What Happens If Marco Rubio Loses Florida? He Doesn't Seem To Be Planning On Leaving The Race Any Time Soon

The results of the Mega Tuesday primaries will mean that most of the 2016 presidential candidates will need to reassess their strategic moves over the next few days. But what happens if Florida Sen. Marco Rubio loses Florida? Even before the returns starting coming in, the senator seemed concerned about losing in his home state, but will a defeat in his home state mean he'll be dropping out?

Rubio started off the week in West Palm Beach addressing in front of a group of supporters what he saw were mistakes in his recent campaigning — most notably his head to head scuffles with frontrunner Donald Trump. Rubio apologized to anyone he might have disappointed when he responded to Trump's ad hominem attacks, specifically about the size of his ears and "something else."

"I responded in kind with an attack about — I'm not going to repeat it — stuff," Rubio said. "I realized that win or lose, there are people out there that see what I'm doing and follow it as a role model."

Despite the late apology, it seems that Rubio is almost destined to lose Florida. And by a lot. A recent Quinnipiac University poll released on Monday has the candidate with just 22 percent of the vote in Florida. That is not good for such an important swing state. Politico reported on Tuesday that it would take a "miracle" for Rubio to pull ahead. His campaign even urged voters to skip their sammie over lunch to go vote.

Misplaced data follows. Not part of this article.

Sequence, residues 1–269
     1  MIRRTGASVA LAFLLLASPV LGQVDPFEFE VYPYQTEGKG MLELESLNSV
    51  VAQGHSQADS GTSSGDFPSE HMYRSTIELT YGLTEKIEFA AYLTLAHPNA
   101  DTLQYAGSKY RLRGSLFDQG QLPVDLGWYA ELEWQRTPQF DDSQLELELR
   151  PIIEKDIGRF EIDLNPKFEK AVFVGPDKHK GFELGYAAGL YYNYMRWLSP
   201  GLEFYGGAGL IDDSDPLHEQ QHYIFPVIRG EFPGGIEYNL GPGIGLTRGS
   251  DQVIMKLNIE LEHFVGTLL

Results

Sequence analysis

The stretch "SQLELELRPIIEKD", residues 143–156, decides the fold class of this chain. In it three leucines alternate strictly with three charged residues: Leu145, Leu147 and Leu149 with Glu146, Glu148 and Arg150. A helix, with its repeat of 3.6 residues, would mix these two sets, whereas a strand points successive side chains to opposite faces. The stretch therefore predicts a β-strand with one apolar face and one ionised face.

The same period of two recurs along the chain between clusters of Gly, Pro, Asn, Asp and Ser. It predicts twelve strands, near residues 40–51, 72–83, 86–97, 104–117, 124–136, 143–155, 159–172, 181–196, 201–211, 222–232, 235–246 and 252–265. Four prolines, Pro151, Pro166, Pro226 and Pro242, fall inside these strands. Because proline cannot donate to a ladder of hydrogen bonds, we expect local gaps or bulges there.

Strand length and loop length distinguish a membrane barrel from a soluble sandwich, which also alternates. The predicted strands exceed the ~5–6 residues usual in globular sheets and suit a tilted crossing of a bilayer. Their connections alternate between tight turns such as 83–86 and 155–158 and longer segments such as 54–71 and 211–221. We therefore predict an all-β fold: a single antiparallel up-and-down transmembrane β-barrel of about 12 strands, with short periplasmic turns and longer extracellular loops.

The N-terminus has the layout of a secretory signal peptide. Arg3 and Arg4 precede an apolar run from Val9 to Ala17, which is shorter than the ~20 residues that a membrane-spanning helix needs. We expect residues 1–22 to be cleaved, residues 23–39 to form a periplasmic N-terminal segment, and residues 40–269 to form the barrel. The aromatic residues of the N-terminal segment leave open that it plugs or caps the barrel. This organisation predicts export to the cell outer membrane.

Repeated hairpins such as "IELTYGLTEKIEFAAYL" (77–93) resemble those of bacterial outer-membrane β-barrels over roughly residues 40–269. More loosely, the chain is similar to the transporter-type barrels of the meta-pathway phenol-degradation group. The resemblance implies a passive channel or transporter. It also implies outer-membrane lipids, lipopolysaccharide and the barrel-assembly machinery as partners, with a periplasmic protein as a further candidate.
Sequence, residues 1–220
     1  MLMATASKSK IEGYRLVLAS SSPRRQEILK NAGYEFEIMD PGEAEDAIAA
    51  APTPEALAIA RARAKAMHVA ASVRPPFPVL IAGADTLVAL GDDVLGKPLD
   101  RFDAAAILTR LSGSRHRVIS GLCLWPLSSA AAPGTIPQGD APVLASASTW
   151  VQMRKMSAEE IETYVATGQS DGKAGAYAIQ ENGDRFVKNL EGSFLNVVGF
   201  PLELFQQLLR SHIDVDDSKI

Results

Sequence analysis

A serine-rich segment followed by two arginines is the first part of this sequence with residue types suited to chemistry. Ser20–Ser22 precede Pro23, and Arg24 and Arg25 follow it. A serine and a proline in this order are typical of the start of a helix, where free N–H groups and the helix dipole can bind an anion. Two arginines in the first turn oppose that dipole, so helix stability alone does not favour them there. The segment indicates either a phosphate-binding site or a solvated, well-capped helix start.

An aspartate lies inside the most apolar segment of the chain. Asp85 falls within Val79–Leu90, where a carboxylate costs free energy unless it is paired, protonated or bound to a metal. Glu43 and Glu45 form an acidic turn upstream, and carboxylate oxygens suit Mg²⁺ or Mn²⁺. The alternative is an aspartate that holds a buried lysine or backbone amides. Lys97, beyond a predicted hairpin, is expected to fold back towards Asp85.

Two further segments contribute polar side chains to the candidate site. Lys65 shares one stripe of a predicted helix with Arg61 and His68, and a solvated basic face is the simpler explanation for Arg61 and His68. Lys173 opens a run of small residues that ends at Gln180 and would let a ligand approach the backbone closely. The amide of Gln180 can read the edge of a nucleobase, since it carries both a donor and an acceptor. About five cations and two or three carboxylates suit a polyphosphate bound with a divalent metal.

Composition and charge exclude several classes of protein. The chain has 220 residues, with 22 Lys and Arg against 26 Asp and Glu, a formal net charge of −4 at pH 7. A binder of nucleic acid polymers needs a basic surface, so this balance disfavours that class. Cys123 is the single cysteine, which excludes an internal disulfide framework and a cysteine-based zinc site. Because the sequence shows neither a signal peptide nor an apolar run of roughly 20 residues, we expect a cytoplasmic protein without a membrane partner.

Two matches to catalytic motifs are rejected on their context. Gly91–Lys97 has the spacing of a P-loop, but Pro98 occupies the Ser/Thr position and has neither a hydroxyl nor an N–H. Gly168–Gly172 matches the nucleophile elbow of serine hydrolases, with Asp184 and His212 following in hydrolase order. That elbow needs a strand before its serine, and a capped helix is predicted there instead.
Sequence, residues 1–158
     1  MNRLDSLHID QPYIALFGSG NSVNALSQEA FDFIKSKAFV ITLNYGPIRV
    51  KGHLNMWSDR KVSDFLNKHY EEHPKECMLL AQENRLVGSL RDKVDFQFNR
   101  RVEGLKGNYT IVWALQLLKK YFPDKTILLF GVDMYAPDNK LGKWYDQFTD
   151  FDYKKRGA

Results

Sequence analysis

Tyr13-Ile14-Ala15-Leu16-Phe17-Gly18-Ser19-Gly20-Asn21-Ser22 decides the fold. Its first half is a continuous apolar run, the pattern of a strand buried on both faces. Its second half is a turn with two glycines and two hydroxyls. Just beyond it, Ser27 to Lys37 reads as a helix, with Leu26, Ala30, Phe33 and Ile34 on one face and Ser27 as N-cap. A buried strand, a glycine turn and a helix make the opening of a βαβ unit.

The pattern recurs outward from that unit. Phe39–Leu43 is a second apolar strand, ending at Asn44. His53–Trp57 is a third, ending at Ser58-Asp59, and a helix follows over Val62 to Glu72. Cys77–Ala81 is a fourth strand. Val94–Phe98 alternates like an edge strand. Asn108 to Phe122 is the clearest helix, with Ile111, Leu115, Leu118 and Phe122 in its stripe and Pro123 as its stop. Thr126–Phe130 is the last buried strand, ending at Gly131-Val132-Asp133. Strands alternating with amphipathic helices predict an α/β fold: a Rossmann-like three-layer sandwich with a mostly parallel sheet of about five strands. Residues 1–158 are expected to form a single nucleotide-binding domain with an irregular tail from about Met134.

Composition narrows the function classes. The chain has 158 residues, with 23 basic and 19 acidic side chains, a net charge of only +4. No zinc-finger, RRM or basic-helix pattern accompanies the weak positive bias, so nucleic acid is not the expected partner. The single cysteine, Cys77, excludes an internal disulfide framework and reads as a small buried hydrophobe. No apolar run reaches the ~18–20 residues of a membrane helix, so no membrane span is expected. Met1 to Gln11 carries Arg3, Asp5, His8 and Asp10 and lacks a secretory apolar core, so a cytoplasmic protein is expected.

Despite the grim predictions, Rubio seems to be crossing his fingers for a win anyway, much like Vermont Sen. Bernie Sanders defied polls and exit surveys in Michigan last week. In an interview with WBDO radio, Rubio said that he plans to head straight to Utah to campaign, whether he takes Florida or not. According to Buzzfeed News, Rubio was well aware he might not head out victorious, telling WBDO,

Tomorrow our plan is to be in Utah campaigning irrespective of tonight. It would be a lot better to go to Utah being the winner of the Florida primary. It would give us a tremendous amount of momentum. It would give us 99 delegates, and that’s the way we want to do it tonight.

If he does eventually have to drop out after this next round of primaries, Rubio is still not sure who he would endorse. In the same radio interview, he repeated that he finds the other Republican candidates to be "unacceptable." He said he would of course support the eventual Republican nominee but that it would be difficult for him, especially if it were Trump.

It can't be a good feeling to lose in your hometown, but the Rubio team seems intent on sticking it out. And in a race as contentious as this one, maybe they're right to wait around and see what happens. Anything can happen, right?